Keesler Medical Professionals Get Practice at Simulation Lab
While in the field, a soldier has a 99% survival rate if they have a pulse and can make it to a surgeon within an hour following their trauma. It’s labs like this one that save precious seconds, keeping soldiers alive long enough to receive adequate medical assistance in the field.
Major Shane Steiner of Keesler Medical Center says, “Well if someone is bleeding from an artery for example, or if they have a blocked airway and can’t breathe, or they’ve stopped breathing, you have minutes, you have two, three, four minutes to save their life, and any delay in anything you do, even just with how you move your arms and your legs is going to cost you seconds. So the more of those seconds we can shave off, the sooner we can get the lifesaving action to be taken.”
When it comes to simulation, manikins are key to medical personnel. It helps them learn how to react to real life traumas while out in the field. Major Jennifer Wolf of Keesler Medical Center says, “It’s more realistic in the sense because you have manikins that can bleed and so you’re looking at this bleeding manikin and you’re like, ‘I have to stop the bleeding.’ You’re not pretending to stop the bleeding, you’re actually stopping the bleeding. It’s really more realistic as opposed to just pretending to go through the motions.”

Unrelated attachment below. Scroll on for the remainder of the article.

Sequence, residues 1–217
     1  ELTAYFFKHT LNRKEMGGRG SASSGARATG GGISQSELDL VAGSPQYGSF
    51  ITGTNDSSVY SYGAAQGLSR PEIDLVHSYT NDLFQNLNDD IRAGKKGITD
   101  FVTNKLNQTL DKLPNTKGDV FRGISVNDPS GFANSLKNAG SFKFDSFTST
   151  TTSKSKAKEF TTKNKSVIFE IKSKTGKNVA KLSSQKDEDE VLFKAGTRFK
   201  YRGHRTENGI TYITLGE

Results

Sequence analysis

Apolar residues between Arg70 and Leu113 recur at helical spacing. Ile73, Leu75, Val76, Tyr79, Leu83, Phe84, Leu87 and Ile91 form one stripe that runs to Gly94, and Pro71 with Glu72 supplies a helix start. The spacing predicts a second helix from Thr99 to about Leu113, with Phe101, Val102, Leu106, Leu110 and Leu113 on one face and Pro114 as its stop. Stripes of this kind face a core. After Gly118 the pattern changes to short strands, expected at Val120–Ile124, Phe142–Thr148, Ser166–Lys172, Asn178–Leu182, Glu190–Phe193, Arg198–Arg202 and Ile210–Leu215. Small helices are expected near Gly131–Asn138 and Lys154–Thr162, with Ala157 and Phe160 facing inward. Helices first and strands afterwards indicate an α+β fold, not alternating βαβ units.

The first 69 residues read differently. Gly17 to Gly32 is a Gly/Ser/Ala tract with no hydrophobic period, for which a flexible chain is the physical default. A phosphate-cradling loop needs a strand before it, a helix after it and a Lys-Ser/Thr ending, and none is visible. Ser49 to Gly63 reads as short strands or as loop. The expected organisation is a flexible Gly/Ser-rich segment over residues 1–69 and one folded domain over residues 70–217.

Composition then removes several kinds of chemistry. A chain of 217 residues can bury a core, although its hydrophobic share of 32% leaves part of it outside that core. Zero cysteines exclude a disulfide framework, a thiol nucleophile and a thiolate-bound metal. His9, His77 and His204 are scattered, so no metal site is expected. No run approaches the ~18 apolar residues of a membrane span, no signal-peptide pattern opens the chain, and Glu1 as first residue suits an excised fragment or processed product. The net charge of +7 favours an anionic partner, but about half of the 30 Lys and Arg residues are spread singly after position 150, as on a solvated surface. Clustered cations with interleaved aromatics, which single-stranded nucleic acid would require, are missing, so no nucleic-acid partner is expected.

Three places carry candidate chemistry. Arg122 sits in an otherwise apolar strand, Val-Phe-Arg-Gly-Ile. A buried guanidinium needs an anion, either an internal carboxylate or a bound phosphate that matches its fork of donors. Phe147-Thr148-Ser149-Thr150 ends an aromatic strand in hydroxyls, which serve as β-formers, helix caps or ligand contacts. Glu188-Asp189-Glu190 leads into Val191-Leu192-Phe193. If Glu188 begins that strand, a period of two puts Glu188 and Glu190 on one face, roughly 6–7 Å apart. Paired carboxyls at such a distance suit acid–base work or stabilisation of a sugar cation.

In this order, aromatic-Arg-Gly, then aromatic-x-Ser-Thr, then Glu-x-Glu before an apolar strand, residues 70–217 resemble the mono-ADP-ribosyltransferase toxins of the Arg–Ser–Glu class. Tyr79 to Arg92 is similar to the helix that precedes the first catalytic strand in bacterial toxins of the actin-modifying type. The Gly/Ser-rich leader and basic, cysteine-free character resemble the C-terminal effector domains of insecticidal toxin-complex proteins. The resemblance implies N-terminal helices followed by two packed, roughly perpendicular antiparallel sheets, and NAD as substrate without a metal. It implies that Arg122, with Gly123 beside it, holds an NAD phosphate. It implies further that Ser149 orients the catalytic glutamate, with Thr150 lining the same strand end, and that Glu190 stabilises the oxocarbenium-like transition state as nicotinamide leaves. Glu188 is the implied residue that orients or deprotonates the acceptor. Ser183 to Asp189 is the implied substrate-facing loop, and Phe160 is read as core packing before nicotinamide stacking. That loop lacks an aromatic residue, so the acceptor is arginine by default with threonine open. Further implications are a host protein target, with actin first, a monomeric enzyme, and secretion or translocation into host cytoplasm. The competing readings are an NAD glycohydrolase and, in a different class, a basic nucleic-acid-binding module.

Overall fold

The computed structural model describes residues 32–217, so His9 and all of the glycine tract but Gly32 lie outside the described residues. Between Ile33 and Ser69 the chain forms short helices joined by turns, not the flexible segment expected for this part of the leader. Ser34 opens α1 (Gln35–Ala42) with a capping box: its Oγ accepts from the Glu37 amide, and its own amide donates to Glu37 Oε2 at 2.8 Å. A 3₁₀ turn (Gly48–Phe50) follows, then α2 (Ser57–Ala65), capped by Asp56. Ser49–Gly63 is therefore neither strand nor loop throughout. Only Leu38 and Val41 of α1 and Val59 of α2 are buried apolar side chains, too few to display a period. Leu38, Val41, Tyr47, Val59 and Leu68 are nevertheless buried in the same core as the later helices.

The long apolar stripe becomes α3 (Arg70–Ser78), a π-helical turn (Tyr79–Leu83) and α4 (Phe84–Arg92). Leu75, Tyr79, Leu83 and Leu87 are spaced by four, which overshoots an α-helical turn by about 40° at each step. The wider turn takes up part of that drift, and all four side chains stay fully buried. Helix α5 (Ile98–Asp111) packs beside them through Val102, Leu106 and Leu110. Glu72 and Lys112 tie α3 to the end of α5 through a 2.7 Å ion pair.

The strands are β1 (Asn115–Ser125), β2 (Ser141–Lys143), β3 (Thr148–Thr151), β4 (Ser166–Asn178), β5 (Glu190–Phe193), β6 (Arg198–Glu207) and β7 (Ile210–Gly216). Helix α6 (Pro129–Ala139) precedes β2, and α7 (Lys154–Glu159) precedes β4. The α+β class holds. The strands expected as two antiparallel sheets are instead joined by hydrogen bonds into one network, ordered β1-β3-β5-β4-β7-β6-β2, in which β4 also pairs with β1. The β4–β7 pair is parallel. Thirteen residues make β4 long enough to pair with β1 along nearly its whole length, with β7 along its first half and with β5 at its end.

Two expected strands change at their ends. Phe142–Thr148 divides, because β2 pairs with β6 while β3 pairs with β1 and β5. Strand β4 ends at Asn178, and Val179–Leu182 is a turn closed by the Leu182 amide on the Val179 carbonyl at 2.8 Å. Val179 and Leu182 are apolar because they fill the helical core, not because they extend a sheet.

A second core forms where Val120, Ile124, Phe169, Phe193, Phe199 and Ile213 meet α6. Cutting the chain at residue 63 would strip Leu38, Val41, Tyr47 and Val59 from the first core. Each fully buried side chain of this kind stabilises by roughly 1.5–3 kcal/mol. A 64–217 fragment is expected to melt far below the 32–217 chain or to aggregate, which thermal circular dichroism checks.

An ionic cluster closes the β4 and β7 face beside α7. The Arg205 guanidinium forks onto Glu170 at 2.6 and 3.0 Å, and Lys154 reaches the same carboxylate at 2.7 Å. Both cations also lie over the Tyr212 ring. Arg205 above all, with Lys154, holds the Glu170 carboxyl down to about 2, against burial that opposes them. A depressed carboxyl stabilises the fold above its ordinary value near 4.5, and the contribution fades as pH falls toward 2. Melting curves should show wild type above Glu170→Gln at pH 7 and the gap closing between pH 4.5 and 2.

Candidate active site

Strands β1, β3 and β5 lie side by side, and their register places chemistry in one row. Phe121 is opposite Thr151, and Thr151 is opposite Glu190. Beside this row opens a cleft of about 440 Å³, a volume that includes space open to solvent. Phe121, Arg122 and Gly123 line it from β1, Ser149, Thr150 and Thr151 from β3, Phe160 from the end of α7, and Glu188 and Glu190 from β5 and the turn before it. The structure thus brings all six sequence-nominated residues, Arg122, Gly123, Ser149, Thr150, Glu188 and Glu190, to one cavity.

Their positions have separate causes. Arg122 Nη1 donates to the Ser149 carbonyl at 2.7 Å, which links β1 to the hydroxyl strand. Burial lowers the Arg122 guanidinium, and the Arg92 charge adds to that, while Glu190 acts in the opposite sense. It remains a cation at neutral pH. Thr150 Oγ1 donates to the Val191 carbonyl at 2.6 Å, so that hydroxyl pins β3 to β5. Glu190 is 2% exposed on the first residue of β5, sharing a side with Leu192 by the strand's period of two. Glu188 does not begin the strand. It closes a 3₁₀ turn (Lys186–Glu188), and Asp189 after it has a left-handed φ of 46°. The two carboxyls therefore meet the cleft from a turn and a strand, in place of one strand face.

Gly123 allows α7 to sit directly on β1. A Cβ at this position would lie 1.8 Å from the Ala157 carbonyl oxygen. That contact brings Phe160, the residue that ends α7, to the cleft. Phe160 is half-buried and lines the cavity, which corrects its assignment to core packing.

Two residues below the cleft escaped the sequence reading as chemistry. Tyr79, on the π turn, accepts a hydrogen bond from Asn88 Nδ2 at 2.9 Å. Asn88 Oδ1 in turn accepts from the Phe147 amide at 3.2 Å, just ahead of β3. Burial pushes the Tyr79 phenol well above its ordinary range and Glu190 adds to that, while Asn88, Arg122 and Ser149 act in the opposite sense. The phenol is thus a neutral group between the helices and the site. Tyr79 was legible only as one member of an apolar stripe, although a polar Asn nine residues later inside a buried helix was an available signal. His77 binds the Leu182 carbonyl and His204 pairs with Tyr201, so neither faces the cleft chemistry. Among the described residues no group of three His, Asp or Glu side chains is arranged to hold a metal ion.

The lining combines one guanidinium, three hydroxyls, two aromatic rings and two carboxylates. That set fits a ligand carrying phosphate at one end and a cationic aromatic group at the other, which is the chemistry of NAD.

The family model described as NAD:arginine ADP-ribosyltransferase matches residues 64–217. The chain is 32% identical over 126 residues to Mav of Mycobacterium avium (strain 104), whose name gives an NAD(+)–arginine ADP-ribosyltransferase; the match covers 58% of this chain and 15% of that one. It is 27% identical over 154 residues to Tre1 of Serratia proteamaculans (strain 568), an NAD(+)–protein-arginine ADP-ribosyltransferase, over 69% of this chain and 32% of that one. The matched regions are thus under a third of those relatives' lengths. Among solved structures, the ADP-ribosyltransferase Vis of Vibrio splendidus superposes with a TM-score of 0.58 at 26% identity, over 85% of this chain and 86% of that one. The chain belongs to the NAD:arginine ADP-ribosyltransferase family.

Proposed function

Hands on experience, repetition, and saving lives become instincts. Major Steiner closes, “So when you arrive for the first time to put an airway in a patient that can’t breathe anymore, it’s not the first time you’ve ever tried it. You’ve done it five to ten times in the simulation lab.”
Training in labs like this one is key to getting soldiers back home safely to their loved ones.